Table 2. Viability of Extreme E-SLs: Criteria and Outcomes
It is clear that extreme E-SLs are technically feasible. However, the small sample size of two courses makes it difficult to generalize the conclusions. As more XE-SLs are implemented, more sophisticated survey measures should be deployed among a larger sample set. Beyond viability, future studies should explore to what degree service learning enhances online course learning outcomes.
Future research should also explore whether XE-SLs and T-SLs differ in learning outcomes. In other words, XE-SLs work, but how well do they work in comparison to traditional service learning courses? The two case studies do suggest that XE-SLs clearly differ from T-SLs. For example, online courses are often in compressed time format, and thus, the project needs to be structured at the onset of the semester (online students have limited tolerance for syllabi changes, in our experience). Students interact with the client differently. Technology training is required, as also noted in the E-SL literature (e.g. Strait & Sauer, 2004). Moreover, the outcomes may differ. For example, it is unrealistic to expect the kind of moral development, or potential job offers, that emerge in T-SL courses. Extreme e-service learning may offer its own unique set of benefits, including useful products for the CP, and the ability of students to add a tangible skill to their resume.
The degree of benefits/outcomes may vary based on several factors, including the discipline, student class level (freshman, graduate, etc.), student motivation, and more. The import of these variables warrants further study. Future studies should include a comparison of disciplines as well as student class level (freshman, graduate, etc.). Traditional undergraduate students may very well differ in their approach and experience from non-traditional online undergraduate continuing education adults.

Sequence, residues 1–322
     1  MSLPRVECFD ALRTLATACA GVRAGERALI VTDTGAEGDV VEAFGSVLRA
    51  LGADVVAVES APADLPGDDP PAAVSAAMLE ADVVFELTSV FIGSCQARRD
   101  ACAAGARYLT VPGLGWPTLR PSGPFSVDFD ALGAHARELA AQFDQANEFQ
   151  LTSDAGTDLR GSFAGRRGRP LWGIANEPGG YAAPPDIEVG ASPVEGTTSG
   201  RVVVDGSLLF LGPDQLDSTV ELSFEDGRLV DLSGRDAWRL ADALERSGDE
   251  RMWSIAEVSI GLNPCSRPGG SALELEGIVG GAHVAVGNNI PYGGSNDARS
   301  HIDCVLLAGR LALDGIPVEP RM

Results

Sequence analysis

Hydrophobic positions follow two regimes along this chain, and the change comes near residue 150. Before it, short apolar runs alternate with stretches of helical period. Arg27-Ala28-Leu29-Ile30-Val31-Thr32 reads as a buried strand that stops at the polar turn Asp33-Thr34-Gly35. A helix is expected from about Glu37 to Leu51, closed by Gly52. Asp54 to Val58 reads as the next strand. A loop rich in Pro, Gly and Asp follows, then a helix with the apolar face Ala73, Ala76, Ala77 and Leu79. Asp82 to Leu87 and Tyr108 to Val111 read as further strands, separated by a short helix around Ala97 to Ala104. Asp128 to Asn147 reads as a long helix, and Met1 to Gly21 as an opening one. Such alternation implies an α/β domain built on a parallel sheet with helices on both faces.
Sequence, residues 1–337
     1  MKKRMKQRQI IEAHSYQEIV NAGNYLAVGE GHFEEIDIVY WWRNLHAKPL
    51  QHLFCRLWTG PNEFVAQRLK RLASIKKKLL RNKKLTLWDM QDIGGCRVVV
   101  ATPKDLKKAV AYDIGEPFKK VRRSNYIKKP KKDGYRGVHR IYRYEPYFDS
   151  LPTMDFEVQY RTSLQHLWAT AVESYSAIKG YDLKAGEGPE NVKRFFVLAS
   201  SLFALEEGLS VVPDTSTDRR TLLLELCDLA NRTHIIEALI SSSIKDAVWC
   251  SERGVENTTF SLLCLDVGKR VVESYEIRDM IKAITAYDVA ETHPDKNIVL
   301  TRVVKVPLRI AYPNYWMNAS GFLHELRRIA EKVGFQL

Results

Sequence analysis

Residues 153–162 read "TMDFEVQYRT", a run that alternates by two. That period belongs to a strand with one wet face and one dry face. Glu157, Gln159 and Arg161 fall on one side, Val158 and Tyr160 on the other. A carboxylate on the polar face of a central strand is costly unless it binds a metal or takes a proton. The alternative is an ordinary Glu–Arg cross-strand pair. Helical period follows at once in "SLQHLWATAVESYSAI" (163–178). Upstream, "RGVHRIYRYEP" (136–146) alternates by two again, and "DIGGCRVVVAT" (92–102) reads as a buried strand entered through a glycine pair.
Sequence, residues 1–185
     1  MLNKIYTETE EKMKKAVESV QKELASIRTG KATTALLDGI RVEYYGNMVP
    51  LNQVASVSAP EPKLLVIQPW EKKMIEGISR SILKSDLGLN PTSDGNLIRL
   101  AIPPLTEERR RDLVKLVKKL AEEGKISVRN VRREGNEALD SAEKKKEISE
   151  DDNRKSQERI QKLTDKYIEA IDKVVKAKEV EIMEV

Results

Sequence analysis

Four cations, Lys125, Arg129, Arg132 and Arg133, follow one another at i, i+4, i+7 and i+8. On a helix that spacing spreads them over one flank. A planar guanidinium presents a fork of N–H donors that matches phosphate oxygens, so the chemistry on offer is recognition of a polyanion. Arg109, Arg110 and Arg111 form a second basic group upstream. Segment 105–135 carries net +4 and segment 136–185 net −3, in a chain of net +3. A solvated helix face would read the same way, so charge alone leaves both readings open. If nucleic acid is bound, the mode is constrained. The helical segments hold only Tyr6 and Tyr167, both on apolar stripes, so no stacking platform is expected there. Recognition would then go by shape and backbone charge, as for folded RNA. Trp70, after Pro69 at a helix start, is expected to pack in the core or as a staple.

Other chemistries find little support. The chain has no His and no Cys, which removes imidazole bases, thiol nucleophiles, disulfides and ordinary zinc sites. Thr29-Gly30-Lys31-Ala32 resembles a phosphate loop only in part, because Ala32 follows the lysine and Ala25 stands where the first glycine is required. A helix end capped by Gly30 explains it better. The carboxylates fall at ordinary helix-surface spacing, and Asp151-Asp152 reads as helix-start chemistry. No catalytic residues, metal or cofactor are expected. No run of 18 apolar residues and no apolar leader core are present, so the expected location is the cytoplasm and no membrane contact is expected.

Future research must also explore the issue of what we termed “lopsided participation” and “lurking.” To what extent do these patterns affect course and learning outcomes, if at all? To what extent, if at all, do they inhibit interaction? How do we balance the increasing emphasis on audio-video participation with the different medium represented by text chat within the same live session? Do different modes of participation within the same session influence learning outcomes? Results to these and other questions can help maximize the interaction in XE-SL courses.
As the two cases suggest, extreme e-service learning can work well in diverse disciplines from business to public administration. Indeed, because it deepens student engagement, it may compensate for the perceived lack of interaction present in some online courses. Through XE-SLs, students learn that they can make a positive difference online rather than merely attending class online.